Paintings by Leonardo da Vinci
  1469 - 1470 Dreyfus Madonna
6,2 x 1,1 in (15,7 x 2,8 cm) on wood - National Gallery of Art, Washington

Some people attribute this painting, housed at the National Gallery in Washington, to Leonardo and others to Lorenzo di Credi. In Dresden there is a preparatory sketch of the drapery that is credited to Lorenzo di Credi.

It is not certain whether the picture can be attributed to Leonardo because the paintings done in Verrocchio’s studio were painted by several people. However, it is possible that Leonardo had contributed something to it.


How many works are really his?
Not all the works credited to Leonardo can be certified historically. Some are believed to be his, some can be documented and others are the work of more than one artist.
  Chronology of paintings by Leonardo da Vinci
The graph’s timeline represents the year of the work and the period of Leonardo’s life. Since no exact dates are known, the shading indicates that the work was executed within that particular time frame.

  1470 - 1473 Madonna with the Carnation
24,4 x 18,7 in (62 x 47,5 cm) – oil on wood – Alte Pinakothek, Munich

This panel, housed in Munich, was not credited to Leonardo until very recently. This opinion is based on technical considerations (the craquelure [crazing] which is the same type used on other paintings by Leonardo) and on the evaluation of similarities with other of his works from the same period, for example the “Annunciation”, exhibited in the Uffizi Gallery. Similarities can be found in the head of the Madonna and in the treatment of the rich draperies. However, historically it would appear that Verrocchio composed the painting, and may have been completed by his young pupils including, Leonardo.


  1470-1475 Annunciation
38,5 x 85,4 in (98 x 217 cm) – oil and tempera on wood - Uffizi Gallery, Florence

The painting is the work of Leonardo and other artists in Verrocchio’s studio. The quality and details vary. Some of the building cannot be attributed to Leonardo’s brushwork, but it was certainly Leonardo who painted the details of the port and outlined the ships. Many people have commented on the Virgin’s strange posture: her right arm is anatomically incorrect, it is longer and bent unnaturally inorder to reach the angel with the book. The landscape in the center of the picture shows evidence of several layers of paint being used to give an impression of depth; this technique is typical of Leonardo.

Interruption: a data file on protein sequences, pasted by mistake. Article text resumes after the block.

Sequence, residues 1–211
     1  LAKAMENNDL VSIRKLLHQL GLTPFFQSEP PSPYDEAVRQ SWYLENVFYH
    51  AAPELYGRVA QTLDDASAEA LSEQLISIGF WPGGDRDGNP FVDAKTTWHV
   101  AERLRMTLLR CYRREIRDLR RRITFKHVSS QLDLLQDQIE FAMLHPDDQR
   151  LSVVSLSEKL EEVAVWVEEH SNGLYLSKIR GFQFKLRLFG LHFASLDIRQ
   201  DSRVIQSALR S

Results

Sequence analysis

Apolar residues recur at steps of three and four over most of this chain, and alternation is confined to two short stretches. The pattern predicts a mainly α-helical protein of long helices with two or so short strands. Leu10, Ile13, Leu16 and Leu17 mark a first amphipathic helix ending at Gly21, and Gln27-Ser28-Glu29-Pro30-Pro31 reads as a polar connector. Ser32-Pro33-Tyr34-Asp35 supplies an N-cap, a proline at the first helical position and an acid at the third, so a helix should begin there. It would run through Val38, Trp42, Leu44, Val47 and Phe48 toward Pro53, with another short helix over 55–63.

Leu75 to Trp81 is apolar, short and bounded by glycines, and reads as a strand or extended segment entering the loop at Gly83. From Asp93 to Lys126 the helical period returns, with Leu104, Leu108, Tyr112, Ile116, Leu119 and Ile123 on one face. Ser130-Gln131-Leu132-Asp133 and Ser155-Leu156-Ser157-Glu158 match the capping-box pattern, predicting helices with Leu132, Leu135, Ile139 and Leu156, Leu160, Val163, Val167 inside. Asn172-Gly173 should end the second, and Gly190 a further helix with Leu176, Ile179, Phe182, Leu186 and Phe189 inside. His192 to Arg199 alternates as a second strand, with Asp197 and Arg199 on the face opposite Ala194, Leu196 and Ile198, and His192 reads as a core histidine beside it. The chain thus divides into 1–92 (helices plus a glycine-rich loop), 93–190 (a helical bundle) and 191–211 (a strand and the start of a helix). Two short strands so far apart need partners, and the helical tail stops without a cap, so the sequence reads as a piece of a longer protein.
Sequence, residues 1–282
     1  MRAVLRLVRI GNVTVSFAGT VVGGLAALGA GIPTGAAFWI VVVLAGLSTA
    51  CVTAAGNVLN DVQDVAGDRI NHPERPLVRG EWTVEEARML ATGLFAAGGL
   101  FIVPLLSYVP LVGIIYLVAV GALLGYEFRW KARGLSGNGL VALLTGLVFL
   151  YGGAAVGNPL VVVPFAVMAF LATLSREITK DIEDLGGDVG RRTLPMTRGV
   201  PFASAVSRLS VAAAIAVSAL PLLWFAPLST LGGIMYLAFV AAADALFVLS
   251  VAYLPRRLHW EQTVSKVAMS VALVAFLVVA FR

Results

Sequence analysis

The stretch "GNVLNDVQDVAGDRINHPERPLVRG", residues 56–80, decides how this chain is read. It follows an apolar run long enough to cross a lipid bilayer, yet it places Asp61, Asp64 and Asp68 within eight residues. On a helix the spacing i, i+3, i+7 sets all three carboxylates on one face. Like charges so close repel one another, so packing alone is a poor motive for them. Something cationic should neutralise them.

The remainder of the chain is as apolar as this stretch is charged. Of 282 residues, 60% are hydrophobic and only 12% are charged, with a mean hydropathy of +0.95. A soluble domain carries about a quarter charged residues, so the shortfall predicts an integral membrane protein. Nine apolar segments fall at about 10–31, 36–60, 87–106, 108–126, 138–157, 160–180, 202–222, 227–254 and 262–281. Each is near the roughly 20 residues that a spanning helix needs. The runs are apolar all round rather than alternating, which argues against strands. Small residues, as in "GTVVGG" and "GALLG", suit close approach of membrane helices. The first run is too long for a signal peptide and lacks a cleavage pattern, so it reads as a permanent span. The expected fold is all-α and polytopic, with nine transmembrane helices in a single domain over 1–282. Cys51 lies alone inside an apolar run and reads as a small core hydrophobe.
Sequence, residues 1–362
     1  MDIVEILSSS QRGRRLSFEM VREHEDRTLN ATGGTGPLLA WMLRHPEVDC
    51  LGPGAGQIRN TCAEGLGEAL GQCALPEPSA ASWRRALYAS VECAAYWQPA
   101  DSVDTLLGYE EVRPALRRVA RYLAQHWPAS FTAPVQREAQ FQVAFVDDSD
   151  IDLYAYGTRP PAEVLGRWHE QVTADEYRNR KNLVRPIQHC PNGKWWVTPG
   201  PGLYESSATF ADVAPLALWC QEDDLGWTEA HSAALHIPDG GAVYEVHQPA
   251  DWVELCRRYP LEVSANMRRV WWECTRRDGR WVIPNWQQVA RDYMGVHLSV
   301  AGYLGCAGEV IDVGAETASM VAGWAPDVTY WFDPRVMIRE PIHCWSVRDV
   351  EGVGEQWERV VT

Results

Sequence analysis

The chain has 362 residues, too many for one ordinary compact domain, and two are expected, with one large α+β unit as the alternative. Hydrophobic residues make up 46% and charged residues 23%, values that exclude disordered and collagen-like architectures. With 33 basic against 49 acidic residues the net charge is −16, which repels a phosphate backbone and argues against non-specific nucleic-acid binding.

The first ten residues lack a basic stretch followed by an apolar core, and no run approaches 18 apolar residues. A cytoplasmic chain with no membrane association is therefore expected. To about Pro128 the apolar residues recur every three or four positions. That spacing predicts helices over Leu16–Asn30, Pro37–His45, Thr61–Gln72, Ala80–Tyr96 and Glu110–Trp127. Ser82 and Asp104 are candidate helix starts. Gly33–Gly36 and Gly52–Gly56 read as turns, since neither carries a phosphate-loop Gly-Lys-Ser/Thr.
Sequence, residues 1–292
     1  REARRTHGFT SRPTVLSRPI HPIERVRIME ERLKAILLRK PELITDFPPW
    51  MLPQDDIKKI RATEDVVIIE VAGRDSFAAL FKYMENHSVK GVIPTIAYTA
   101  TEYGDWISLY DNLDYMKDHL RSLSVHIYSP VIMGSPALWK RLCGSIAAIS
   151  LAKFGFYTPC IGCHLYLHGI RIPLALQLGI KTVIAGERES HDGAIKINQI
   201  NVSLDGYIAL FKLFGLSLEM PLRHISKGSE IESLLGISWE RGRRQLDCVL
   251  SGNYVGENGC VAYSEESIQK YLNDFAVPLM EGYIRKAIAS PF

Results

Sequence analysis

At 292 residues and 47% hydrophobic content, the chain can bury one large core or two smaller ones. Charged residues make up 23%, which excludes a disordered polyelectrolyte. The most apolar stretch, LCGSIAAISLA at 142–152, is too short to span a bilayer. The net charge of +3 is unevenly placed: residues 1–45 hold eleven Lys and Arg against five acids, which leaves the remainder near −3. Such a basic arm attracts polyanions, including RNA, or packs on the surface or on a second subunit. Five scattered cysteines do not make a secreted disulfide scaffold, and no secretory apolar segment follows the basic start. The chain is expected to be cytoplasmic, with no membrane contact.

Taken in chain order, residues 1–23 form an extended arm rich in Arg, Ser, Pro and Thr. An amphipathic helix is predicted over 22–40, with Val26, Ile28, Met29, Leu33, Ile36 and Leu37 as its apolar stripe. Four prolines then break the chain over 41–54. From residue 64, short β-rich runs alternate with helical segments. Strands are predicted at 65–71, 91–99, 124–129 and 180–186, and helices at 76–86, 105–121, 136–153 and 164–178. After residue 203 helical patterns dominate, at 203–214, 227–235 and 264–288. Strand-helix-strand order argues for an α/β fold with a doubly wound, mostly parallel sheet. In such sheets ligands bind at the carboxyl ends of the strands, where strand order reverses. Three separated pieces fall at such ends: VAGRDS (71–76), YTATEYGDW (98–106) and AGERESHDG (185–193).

1473 - 1478 Baptism of Christ
69,6 x 59,4 in (177 x 151cm) - detail - Uffizi Gallery, Florence

The “Baptism of Christ by Verrocchio” in oils and tempera on a wooden panel, was painted between 1473 and 1478 and is the work of Verrocchio. Leonardo drew the angel holding the tunic, at bottom left. The picture is in the Uffizi Gallery, Florence. The first person to mention Leonardo’s part in this work was Giorgio Vasari. All the areas painted in oils were done by Leonardo: the face of the angel seen in profile and some of the other angel’s curls.


The angel at bottom left is by Leonardo



1474 - 1476 Portrait of Ginevra de’ Benci
15,2 x 14,4 in (38,8 x 36,7cm) - tempera and oils on wood - front and back - National Gallery of Art, Washington

This portrait in tempera and oils was painted on a panel between 1474 and 1476. It is housed in the National Gallery in Washington. The bottom of the panel may have been cut off, resulting in the loss of the lower part of the sitter’s body. It was painted for Ginevra’s marriage to Luigi di Bernardo di Lapo Niccolini. The marble clarity of her face is in strong contrast to the dark juniper bush in the background. Leonardo used his fingers to shade the coloring of the face, so he left his fingerprints on the panel.

The back of the panel is also painted. The words on the banner are: "VIRTVTEM FORMA DECORAT"



1478 - 1482 Madonna with Child - Benois Madonna
18,9 x 12,2 in (48 x 31 cm) – oil panel transferred to canvas – Hermitage Museum, St. Petersburg

The Benois Madonna - 18,9 x 12,2 in (48 x 31 cm) - painted between 1478 and 1482, was originally executed in oils on wood, then transferred to canvas. It is conserved in the Hermitage Museum, St. Petersburg. The small panel was bought by a merchant called Sapoznikov in 1824 in Astrakhan, before becoming the property of the Benois family. It has been exhibited at the Hermitage Museum since 1914. The halo may be a later addition. The window at top right originally opened onto a landscape which has since been painted over in white.


  1480 Saint Jerome
40,5 x 29,5 in (103 x 75 cm) - tempera and oils on wood – Art Galleries of the Vatican City, Rome